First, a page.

When I was in high school, food was an enormous plate of apples, oranges, and strawberries (yes, I lived in California) cut and cleaned by my grandmother and delivered to my solitary room upstairs where I pretended to do homework but instead snuck on AIM through our family’s DSL connection. When I was in college, food was late-night on-campus nacho-bar runs with a close friend to discuss crushes—a plate of chips piled with nacho cheese (the “real” kind), chopped tomatoes, onions, black olives and pickled jalapenos—ecstatically ignorant of the “freshman 15.” When I was seven or eight and my mother took me to Moscow where I was born, food was a spiny cucumber grown to fleshy green perfection on our summer dacha.
I have a horrible memory. The only other things I remember about my “childhood” are lying in bed in a room I shared with my grandmother trying to fall asleep while she watched episodes of ER. Probably because there was a lot of weird screaming, birthing, and sexual tension. (Probably also why I now have a strange affinity for Grey’s Anatomy, and yes I still watch the new episodes while folding laundry). I also remember a specific type of plant I used to pick while walking home from elementary school—you know, the one with the fronds that come right off and you can throw them at people and they stick to their clothes? Oh, nevermind. No one ever knows what I’m talking about. Everything else I think is a memory is actually just something I saw in an old photograph…me and my cousin making faces at one another, jumping on a trampoline with a boy’s haircut, floating in the Dead Sea, meeting a Russian Donald Duck (sounds pretty normal, right?).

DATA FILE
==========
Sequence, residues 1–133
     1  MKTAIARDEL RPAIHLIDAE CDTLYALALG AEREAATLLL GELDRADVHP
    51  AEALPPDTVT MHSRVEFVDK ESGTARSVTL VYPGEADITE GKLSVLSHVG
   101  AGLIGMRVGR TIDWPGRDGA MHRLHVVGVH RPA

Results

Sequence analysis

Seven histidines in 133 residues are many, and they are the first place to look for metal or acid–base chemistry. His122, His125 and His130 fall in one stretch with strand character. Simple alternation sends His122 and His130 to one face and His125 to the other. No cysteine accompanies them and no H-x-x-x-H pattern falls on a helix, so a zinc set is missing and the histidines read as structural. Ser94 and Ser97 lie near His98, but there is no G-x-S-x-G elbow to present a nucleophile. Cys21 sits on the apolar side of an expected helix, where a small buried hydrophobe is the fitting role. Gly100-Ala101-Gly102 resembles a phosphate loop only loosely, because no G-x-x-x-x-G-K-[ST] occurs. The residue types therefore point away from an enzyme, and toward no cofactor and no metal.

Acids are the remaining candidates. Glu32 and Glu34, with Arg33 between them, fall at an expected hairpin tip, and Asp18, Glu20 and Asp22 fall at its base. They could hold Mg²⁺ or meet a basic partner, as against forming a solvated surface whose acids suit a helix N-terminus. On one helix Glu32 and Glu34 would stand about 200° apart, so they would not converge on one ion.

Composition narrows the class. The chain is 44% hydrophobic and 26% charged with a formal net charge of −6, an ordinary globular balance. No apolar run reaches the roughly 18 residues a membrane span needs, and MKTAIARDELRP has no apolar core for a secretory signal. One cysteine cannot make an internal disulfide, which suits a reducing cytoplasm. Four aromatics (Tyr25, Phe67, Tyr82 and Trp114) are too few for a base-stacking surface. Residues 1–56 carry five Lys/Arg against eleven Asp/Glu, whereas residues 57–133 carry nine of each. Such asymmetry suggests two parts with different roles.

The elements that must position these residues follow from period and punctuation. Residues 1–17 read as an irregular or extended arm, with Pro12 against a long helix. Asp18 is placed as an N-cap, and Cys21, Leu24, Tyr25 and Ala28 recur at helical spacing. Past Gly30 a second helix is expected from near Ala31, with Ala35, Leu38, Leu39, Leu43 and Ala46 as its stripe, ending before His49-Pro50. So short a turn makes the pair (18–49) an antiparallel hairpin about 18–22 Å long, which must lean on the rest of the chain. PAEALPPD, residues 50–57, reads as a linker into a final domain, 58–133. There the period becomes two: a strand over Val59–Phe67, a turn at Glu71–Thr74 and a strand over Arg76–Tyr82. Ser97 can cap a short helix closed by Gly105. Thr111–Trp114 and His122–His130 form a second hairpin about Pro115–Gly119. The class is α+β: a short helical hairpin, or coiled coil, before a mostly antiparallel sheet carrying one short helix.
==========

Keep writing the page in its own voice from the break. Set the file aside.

For me, cooking—nay, eating—has helped me to remember. Taking pictures of food, posting pictures of food on social media, and looking and re-looking at those pictures of food helps me to remember not only what delicious or disgusting morsel I ate but also how I was feeling at that time. Warm hack-ramen with friends on a blisteringly cold Iowa night, my yogurt and granola (read “healthy”) phase, bread with butter and caviar and being home, revenge sushi. The list goes on.
I love posting foodporn on Instagram, where 35 seconds sometimes feel like a decade. It connects me to all kinds of users across the globe, different cultures’ cuisines and culinary creations, morning and night. It’s a motherfucking weird and awesome food sharing space where Alex Gaurnaschelli will only ever hashtag close-up shots of cheese and pastries with “#growwwlllll” and Graham Elliot gets real philosophical with pictures of the ocean and users like “Fat Phuck” exist.
I have to admit; my memory is improving. Sometimes, right before falling asleep—in between planning the next day’s culinary experiments—I remember the crayfish I won at the fair and my parents’ first apartment. The time I “accidentally” called 911 and promptly hung up, only to hear an authoritative knock at the front door some ten minutes later. The low drone of an airplane sailing overhead in the night.
Of course, not all my memories are food related, but the clearest ones are. They’re the ones I can firmly situate in space, time, and sizzling butter. They are always the most vividly lit and tactile. I know, without a doubt, that they’re real because my body remembers. Oh, and they taste better, too.